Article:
Count Raphael Pozza (Rafo Pucic) (*1828 +1890), Dr. Jur., was elected for first time Podestà of Ragusa in the year 1869 after this was reelected in 1872, 1875, 1882, 1884) and elected two times into the Dalmatian Council, 1870, 1876. The victory of the Nationalist in Split (Spalato) in 1882 had a strong echo in the areas of Korkula and Dubrovnik. It was greeted by the mayor (podestá) of Dubrovnik Raphael Pozza, the National Reading Club of Dubrovnik, the Workers Association of Dubrovnik and the review "Slovinac"; by the communities of Kuna and Orebici, the latter one getting the nationalist govermment even before Split (Spalato).

In 1848, Croatian Assembly (Sabor) published People's Requests in which they requested among other things abolition of serfdom and the unification of Dalmatia with rest of Croatian lands (primarily with Austro-Hungarian Kingdom of Croatia). Dubrovnik municipality was the most outspoken of all Dalmatian communes in its support for unification with Croatia. A letter was sent to Zagreb with pledges to work on this idea. In 1849, Dubrovnik continued to lead Dalmatian cities in the struggle for unification. A large-scale campaign was launched in the local paper L'Avvenire (The Future) based on a clearly formulated programme: the federal system for Habsburg territories, inclusion of Dalmatia into united Croatia and Slavic brotherhood.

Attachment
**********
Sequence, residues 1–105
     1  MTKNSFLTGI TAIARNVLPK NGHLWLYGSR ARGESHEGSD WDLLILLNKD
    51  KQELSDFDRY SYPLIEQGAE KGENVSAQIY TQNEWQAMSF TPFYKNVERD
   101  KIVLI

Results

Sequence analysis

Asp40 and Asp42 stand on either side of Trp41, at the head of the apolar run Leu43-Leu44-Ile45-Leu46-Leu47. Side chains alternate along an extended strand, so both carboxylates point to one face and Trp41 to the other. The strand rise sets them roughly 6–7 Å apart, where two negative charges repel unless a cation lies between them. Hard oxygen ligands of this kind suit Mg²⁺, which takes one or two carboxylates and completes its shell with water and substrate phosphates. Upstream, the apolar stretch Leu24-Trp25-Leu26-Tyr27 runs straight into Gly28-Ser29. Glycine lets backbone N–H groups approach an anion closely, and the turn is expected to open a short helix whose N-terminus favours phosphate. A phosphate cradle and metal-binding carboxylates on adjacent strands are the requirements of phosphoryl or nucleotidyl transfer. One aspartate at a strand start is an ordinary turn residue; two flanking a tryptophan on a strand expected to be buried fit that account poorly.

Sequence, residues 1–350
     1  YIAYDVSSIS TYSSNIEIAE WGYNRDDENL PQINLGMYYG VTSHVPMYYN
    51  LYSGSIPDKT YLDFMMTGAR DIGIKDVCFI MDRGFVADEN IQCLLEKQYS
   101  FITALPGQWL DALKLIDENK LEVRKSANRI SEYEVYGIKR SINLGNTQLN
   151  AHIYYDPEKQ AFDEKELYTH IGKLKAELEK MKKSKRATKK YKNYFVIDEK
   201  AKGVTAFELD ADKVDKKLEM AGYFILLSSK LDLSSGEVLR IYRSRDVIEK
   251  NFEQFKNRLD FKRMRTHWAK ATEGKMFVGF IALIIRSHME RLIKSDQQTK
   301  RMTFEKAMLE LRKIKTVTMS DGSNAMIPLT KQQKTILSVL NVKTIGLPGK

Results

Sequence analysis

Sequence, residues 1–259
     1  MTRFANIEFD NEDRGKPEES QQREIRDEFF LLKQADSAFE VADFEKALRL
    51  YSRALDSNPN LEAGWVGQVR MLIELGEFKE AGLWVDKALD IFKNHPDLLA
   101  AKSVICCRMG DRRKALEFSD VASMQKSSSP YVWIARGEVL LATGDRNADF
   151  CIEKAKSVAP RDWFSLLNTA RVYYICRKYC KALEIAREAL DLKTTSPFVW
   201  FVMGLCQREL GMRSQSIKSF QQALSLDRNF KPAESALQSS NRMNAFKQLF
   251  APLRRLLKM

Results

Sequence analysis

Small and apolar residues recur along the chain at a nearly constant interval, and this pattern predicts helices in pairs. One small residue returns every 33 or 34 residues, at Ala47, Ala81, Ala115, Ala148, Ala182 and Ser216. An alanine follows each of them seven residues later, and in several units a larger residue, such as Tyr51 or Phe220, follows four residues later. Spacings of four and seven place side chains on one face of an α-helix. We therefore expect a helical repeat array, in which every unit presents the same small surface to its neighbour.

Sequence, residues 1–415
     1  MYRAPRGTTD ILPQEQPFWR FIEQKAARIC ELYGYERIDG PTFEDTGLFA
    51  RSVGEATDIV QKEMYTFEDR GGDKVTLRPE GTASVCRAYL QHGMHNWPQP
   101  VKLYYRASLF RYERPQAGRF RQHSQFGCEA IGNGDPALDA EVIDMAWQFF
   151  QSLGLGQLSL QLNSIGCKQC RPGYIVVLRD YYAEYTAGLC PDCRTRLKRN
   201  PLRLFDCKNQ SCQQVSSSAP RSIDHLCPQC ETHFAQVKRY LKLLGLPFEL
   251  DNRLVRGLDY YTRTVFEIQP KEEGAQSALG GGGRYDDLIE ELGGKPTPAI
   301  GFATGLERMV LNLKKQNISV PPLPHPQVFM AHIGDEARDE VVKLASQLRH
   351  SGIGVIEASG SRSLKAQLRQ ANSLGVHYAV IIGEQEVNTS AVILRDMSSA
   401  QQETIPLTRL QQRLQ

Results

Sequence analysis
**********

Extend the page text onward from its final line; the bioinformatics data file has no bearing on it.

In the same year, first issue of the Dubrovnik almanac appeared, Flower of the National Literature (Dubrovnik, cvijet narodnog knjizevstva), in which Petar Preradović published his noted poem "To Dubrovnik". The Emperor Franz Joseph brought the so-called Imposed Constitution which prohibited unification of Dalmatia and Croatia and also any further political activity with this end in view. The political struggle of Dubrovnik to be united with Croatia, which was intense throughout 1848 and 1849, did not succeed at that time.

In 1861, the Dalmatian Assembly met for the first time, with representatives from Ragusa. Representatives of Cattaro (now Kotor) came to join the struggle for unification with Croatia. The citizens of Ragusa gave them a festive welcome, flying Croatian flags from ramparts, and exhibiting slogan: Ragusa with Cattaro. The people of Cattaro elected a delegation to go to Vienna; Ragusa nominated Niko Pucić (National Party). Niko Pucić went to Vienna to demand not only the unification of Dalmatia with Croatia, but also the unification of all Croatian territories under one common Assembly.